These emails that you probably ignore are mixed in with more important ones: A client wants to schedule a call. A prospect has a question about the demo you sent over. The guest you’ve been trying to get on your podcast finally responded.
Imagine if the only emails that showed up in your inbox were the important ones, instead of software alerts, new product launches, random requests from strangers, and so on.
The journey to Inbox Zero begins by making this a reality, and it can be done in two phases: Unsubscribe and Archive.
You may not even remember all the email lists you’ve signed up for, or which ones you actually wanted to receive when you originally signed up.
In the same way creating a budget must begin with laying your monthly expenses bare, your path to Inbox Zero must begin with your subscriptions laid bare.
To achieve this, we recommend Unroll.me. The free service aggregates every subscription you’ve ever signed up for, and allows you to easily unsubscribe.
First you’ll see how many subscriptions you currently hold (brace yourself!)
Then, you’ll be able to easily un-enroll from any subscriptions that no longer serve you.
Unroll also allows you to “roll up” your preferred subscriptions into a once-daily digest. It will also capture all your new subscriptions into an “inbox” where you can decide how you want to receive the messages.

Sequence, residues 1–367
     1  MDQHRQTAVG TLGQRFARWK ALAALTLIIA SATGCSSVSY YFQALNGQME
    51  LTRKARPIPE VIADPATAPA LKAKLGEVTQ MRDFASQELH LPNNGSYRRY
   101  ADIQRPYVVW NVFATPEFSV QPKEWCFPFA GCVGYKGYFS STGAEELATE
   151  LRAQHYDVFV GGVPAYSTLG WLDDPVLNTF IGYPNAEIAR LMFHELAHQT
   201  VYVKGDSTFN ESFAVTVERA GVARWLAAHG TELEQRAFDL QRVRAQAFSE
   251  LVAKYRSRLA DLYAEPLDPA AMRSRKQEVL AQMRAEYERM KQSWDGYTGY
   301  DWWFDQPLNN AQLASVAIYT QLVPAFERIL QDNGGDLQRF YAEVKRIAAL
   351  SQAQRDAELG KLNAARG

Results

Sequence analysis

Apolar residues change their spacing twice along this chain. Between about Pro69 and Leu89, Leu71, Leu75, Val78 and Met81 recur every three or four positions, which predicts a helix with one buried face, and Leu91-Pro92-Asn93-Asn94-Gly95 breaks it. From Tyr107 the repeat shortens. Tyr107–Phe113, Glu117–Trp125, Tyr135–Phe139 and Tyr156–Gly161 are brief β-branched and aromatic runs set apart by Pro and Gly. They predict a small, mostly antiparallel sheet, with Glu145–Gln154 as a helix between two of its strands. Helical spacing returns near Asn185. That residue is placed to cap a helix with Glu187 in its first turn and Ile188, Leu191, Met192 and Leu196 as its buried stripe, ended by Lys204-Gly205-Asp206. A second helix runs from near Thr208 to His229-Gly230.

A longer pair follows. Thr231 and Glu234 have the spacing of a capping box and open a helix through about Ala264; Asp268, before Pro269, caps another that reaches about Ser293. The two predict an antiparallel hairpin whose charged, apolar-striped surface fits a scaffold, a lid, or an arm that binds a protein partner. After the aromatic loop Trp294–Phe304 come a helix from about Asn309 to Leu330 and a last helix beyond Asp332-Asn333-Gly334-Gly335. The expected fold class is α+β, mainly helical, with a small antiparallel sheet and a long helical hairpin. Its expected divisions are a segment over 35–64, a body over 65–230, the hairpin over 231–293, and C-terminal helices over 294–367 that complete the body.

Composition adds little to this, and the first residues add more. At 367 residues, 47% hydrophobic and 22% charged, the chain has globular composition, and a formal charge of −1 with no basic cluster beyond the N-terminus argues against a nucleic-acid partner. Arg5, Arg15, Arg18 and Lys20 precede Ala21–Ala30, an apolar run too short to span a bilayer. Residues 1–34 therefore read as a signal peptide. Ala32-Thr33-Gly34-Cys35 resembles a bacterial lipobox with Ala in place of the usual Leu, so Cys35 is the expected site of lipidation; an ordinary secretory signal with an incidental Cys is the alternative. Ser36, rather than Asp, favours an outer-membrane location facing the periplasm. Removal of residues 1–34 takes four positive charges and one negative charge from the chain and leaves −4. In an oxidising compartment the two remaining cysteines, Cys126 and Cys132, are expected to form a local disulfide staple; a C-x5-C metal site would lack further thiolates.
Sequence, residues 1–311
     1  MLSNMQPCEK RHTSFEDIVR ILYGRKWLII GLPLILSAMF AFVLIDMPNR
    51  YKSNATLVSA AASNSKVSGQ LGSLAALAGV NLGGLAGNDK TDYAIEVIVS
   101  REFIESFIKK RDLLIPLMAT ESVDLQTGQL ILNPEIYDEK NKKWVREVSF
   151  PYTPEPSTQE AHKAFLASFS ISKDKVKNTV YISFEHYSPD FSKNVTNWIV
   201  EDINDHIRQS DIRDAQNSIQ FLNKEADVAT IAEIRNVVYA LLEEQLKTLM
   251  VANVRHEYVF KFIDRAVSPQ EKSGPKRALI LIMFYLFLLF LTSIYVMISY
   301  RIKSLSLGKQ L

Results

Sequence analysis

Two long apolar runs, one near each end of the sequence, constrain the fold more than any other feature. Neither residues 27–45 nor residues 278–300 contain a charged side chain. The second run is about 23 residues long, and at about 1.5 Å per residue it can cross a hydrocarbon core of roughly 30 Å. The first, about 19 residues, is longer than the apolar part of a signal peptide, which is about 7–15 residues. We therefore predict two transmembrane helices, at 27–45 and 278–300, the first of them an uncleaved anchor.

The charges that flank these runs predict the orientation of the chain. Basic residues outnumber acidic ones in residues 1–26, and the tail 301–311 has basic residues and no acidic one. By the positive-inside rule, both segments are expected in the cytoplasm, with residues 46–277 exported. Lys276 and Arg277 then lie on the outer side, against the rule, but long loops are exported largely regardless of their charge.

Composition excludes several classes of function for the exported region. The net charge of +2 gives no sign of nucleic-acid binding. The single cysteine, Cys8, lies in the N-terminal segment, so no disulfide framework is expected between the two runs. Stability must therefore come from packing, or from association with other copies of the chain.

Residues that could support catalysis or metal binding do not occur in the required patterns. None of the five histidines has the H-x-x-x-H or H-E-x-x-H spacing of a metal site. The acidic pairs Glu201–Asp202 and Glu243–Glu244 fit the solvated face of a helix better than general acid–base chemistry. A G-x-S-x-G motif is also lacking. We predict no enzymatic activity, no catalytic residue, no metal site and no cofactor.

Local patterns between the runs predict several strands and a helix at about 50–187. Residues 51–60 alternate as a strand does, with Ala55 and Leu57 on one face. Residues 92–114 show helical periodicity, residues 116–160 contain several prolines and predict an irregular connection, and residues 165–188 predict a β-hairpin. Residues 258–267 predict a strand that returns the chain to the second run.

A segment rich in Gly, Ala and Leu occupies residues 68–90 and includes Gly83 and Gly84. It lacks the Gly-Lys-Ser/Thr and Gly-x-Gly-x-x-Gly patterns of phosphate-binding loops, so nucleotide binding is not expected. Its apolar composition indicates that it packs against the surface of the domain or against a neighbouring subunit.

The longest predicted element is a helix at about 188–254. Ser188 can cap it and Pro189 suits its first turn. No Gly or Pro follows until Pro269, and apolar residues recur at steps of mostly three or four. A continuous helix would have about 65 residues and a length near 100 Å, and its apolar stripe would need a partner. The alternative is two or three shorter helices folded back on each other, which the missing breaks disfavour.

It might be overwhelming to see the amount of subscriptions you’ve accumulated, but this service makes it easy to un-enroll from the subscriptions that no longer make sense, while making more space for the ones that are important to you.
This process should completely eliminate any emails that are not from a real person or are nonessential to you. You’ll be left with an inbox mostly full of messages you either want or need to see.
If you are starting this process from square 1, it’s likely that you’ll have backlogged emails taking up space in your main inbox.
At Inbox Done, we recommend our clients archive all but their last 100 emails at the start of their service. We’ll explain what we do with those 100 emails in the coming sections.
By archiving your backlog – whether there is 100, or 50,000 – you’ll be able to start your inbox from scratch without losing any information that might be important. If you are uncomfortable archiving that many emails, you can always create a separate folder for these emails. It can be labeled “Backlog” or “Old Emails.”